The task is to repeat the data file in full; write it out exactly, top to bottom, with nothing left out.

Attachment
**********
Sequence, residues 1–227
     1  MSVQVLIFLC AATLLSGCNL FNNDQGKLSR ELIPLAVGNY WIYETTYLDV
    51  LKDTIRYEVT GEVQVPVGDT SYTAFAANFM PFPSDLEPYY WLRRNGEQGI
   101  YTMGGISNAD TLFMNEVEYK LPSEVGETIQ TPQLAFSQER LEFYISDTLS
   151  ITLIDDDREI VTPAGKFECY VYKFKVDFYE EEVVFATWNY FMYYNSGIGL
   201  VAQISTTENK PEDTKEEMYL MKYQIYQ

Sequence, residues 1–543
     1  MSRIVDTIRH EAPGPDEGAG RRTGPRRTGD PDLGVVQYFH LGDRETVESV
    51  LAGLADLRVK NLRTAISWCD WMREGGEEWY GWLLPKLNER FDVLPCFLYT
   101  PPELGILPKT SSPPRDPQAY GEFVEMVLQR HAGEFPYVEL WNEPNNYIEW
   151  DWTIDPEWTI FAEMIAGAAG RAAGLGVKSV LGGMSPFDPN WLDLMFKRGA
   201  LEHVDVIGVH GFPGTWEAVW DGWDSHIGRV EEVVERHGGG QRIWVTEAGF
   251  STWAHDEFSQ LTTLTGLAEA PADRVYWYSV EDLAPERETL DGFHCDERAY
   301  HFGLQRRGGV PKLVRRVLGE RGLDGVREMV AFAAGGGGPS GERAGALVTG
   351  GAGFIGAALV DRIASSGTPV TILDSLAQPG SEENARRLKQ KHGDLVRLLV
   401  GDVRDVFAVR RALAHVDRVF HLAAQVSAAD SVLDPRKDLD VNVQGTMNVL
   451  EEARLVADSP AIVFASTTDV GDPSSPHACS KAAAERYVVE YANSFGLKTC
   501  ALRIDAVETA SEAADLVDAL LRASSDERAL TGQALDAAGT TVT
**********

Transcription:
Sequence, residues 1–227
     1  MSVQVLIFLC AATLLSGCNL FNNDQGKLSR ELIPLAVGNY WIYETTYLDV
    51  LKDTIRYEVT GEVQVPVGDT SYTAFAANFM PFPSDLEPYY WLRRNGEQGI
   101  YTMGGISNAD TLFMNEVEYK LPSEVGETIQ TPQLAFSQER LEFYISDTLS
   151  ITLIDDDREI VTPAGKFECY VYKFKVDFYE EEVVFATWNY FMYYNSGIGL
   201  VAQISTTENK PEDTKEEMYL MKYQIYQ

Sequence, residues 1–543
     1  MSRIVDTIRH EAPGPDEGAG RRTGPRRTGD PDLGVVQYFH LGDRETVESV
    51  LAGLADLRVK NLRTAISWCD WMREGGEEWY GWLLPKLNER FDVLPCFLYT
   101  PPELGILPKT SSPPRDPQAY GEFVEMVLQR HAGEFPYVEL WNEPNNYIEW
   151  DWTIDPEWTI FAEMIAGAAG RAAGLGVKSV LGGMSPFDPN WLDLMFKRGA
   201  LEHVDVIGVH GFPGTWEAVW DGWDSHIGRV EEVVERHGGG QRIWVTEAGF
   251  STWAHDEFSQ LTTLTGLAEA PADRVYWYSV EDLAPERETL DGFHCDERAY
   301  HFGLQRRGGV PKLVRRVLGE RGLDGVREMV AFAAGGGGPS GERAGALVTG
   351  GAGFIGAALV DRIASSGTPV TILDSLAQPG SEENARRLKQ KHGDLVRLLV
   401  GDVRDVFAVR RALAHVDRVF HLAAQVSAAD SVLDPRKDLD VNVQGTMNVL
   451  EEARLVADSP AIVFASTTDV GDPSSPHACS KAAAERYVVE YANSFGLKTC
   501  ALRIDAVETA SEAADLVDAL LRASSDERAL TGQALDAAGT TVT